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Korean ponders move for new freighters


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By Graham Dunn

22 June 2022

Korean Air is considering a move for the new widebody freighters launched by Airbus and Boeing in recent months as it continues to position itself for strong cargo demand.

The SkyTeam carrier has thrived after further stepping up its cargo business during the pandemic, temporarily converting a number of its passenger widebodies for cargo operations to support the expansion of freight operations during the crisis. 

Long-term strong cargo demand also prompted Airbus to launch its A350 freighter last year and Boeing its 777X freighter in January.

Asked whether the airline was considering adding new freighters, given the positive prognosis for cargo, during a media roundtable at the IATA AGM in Doha, Korean Air chief executive Walter Cho said: ”There are two options right now, and I have been looking at both of them.”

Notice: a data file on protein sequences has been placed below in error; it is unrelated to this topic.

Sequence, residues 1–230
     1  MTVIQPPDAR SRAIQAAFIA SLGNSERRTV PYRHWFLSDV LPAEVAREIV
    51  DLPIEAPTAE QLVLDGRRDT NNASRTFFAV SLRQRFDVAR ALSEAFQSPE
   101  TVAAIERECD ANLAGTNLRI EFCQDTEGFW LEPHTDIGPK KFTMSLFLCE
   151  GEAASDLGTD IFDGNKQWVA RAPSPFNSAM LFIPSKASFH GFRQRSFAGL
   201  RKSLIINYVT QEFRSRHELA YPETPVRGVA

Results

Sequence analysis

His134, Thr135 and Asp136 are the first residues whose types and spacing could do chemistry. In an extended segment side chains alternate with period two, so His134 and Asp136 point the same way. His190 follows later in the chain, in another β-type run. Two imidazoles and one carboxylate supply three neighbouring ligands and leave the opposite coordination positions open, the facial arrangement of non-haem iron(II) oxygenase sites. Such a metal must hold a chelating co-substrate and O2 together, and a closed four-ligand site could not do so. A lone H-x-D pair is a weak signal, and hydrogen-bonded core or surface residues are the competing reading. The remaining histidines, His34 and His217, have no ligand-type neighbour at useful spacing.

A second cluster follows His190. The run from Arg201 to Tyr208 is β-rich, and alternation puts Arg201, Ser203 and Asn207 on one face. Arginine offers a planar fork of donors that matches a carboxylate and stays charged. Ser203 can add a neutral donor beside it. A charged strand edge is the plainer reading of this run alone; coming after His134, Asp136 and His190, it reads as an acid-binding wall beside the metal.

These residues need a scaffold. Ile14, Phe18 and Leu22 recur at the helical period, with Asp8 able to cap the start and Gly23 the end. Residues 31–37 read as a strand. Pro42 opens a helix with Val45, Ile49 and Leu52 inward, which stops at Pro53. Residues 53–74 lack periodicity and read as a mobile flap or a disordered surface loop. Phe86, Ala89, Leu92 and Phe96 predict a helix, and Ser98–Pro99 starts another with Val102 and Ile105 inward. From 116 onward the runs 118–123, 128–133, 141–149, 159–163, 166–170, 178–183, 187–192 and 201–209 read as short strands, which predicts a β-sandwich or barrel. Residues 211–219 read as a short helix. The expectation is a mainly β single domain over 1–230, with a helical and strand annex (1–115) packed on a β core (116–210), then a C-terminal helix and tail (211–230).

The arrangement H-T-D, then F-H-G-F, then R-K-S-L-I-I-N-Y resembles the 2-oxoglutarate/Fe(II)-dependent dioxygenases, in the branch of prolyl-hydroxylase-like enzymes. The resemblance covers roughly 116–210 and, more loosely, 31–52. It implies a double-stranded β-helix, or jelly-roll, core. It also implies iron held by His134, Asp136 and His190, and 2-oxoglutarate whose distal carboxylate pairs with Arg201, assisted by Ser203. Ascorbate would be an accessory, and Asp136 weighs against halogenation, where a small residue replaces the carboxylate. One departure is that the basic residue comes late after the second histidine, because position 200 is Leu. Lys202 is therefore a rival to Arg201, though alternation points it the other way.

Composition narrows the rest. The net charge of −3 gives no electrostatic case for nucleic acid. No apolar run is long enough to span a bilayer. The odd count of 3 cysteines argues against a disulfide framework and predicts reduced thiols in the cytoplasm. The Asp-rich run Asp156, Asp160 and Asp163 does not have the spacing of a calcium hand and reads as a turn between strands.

However, he says a decision is made more complicated by the fleet implications of its acquisition of Asiana, for which it is currently working on securing regulatory approval. 

“We will have too many types. So we are holding it back a little bit,” he says, without being drawn on whether a potential order would have to wait until after the merger is finalised.

”Either one, the Boeing or Airbus option, would be a new fleet type for us, new engine, so it’s a challenge. We prefer to keep the same fleet, especially on the freighter side for commonality,” he says, noting that adding more 777 freighters also remains an option.

Cirium schedules data shows Korean operates a fleet of 24 Boeing freighters: a mix of 777s, 747-400s and 747-8s.

The airline has also been operating 10 777 and six A330 passenger aircraft on cargo missions during the pandemic. The airline next month returns the last of these A330s back to passenger operations, while three 777s are scheduled to be switched back by September.

“It all depends on the market,” Cho says on when the carrier expects to have moved all its temporarily converted aircraft back to passenger operations. ”If the passenger market is just too strong we might have to sacrifice a little on the cargo side. But it all depends on the numbers.

”The [cargo] rates are softening, but it is still significantly higher than pre-Covid levels, and enough for us to continue flying passenger planes as freighters and also serve most of the destinations we have been flying. Demand is a little bit weaker, especially from China – which is basically shut down right now – but we expect it come back soon.”

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